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Triggering human immune response

Researchers have found that disruption of a cellular structure, known as the actin cytoskeleton, is a “priming signal” for the body to respond to a virus.

These findings could potentially lay the groundwork for development of new antiviral vaccines and treatments, they claim.

Previously, viral genetic material, such as RNA, was considered the sole requirement for certain sensor molecules that live in cells to trigger an immune response – an “alarm system” for many types of cells.

RNA also serves as a basis for vaccines through training a patient’s immune system to recognise a virus. This new study showed that the signalling process also requires disrupting the actin cytoskeleton inside cells, which occurs when a virus infects cells.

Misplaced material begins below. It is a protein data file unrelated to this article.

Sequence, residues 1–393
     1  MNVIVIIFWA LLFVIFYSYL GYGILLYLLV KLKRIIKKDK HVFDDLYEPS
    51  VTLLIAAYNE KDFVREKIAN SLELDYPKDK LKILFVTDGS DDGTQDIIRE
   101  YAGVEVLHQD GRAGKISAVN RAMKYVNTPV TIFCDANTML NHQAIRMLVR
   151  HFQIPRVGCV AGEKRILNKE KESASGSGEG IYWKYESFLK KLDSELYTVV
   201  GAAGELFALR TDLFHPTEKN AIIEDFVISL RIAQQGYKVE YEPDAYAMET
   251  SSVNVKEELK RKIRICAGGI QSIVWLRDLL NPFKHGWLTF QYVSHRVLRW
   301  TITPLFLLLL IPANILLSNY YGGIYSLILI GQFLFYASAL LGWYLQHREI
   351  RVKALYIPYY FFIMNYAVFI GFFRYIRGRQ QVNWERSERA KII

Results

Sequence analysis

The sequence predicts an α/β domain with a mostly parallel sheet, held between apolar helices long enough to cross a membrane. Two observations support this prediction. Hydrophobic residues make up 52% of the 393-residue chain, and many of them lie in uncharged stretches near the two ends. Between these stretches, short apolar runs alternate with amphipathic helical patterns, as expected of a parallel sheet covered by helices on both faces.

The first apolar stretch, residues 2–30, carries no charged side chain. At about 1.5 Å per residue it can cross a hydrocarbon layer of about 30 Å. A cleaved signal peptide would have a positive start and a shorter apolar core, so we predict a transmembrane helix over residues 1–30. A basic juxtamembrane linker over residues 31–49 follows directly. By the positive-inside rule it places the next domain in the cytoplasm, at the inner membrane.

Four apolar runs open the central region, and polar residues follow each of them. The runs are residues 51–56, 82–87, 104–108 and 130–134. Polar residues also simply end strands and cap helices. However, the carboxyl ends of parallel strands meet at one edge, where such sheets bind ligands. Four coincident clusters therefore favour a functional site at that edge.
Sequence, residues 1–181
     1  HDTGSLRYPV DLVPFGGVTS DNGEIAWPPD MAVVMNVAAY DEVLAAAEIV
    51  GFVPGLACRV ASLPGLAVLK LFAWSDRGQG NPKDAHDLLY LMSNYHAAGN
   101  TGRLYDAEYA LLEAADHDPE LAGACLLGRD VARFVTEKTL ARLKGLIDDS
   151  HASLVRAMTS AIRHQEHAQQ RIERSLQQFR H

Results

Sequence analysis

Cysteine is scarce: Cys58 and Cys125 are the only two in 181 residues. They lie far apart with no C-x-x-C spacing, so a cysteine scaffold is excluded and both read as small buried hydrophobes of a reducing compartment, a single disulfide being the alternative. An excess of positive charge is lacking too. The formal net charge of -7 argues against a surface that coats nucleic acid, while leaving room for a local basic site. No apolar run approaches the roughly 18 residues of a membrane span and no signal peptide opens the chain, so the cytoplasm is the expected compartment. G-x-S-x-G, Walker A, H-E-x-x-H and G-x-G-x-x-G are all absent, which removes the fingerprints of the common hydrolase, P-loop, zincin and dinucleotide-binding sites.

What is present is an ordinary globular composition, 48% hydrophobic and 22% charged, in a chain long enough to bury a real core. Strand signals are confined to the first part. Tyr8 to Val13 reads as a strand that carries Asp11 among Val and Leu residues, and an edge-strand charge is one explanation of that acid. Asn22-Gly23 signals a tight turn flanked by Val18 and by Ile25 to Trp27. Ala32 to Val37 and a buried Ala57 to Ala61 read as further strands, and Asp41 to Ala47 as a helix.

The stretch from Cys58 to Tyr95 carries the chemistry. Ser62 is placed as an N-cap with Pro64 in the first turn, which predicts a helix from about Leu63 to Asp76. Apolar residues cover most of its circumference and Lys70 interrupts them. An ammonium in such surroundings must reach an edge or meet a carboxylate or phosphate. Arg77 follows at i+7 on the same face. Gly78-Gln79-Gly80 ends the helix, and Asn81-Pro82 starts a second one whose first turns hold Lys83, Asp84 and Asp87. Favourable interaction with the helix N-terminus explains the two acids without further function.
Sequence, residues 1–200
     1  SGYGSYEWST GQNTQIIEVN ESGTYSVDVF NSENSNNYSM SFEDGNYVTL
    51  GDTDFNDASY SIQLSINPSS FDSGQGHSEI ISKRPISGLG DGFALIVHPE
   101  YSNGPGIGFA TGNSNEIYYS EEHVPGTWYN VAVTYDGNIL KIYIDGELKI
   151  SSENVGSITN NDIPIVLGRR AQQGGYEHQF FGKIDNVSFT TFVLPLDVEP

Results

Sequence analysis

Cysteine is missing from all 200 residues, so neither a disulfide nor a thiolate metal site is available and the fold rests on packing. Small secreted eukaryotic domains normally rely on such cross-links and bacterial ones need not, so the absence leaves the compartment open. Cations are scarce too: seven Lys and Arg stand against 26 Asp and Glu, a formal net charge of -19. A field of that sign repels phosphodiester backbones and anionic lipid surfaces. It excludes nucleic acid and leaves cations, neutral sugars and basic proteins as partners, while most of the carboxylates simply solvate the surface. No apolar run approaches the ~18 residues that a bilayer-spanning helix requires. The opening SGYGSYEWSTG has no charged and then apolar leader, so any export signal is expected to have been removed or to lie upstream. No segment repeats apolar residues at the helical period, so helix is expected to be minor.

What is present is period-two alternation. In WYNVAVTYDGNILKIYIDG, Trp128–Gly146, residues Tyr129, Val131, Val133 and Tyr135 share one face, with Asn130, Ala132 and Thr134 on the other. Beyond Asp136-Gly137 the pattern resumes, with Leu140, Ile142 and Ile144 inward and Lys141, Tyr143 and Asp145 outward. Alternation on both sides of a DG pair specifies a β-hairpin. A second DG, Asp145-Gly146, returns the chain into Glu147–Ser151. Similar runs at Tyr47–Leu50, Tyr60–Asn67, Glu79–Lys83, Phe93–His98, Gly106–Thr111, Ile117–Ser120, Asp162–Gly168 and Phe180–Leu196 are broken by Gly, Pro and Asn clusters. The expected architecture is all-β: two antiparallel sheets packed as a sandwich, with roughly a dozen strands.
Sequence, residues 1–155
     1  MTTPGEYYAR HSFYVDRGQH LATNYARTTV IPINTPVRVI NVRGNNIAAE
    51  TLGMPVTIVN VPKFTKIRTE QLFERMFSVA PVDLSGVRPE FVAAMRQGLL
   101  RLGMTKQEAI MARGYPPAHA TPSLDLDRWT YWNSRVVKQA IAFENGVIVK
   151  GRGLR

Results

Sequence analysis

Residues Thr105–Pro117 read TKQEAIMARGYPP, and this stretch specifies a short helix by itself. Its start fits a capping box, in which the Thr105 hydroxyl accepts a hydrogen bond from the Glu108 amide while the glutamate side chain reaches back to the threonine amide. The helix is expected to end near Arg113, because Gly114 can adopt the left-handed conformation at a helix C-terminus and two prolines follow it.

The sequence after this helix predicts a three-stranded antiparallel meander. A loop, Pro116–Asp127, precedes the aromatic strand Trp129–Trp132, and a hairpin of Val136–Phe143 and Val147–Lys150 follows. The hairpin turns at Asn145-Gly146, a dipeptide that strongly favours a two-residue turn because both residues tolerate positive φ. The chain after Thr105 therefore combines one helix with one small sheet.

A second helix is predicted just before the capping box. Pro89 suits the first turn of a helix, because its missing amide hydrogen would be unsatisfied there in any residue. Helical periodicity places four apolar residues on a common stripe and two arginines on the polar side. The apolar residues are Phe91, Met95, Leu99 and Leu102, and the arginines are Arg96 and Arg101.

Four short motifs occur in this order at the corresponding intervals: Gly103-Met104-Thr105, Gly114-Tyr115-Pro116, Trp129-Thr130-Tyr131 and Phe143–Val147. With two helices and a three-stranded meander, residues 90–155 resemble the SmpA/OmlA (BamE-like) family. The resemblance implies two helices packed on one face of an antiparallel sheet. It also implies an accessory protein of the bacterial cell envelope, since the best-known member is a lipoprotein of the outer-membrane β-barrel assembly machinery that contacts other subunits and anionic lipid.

“It’s a new way of considering how the immune system can be activated, and the implications are that this could lead to broad antiviral therapeutics,” said author Michaela Gack. “Our data show this process is common across different types of RNA viruses.” 

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Image credit | iStock

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Tech news: December 2022

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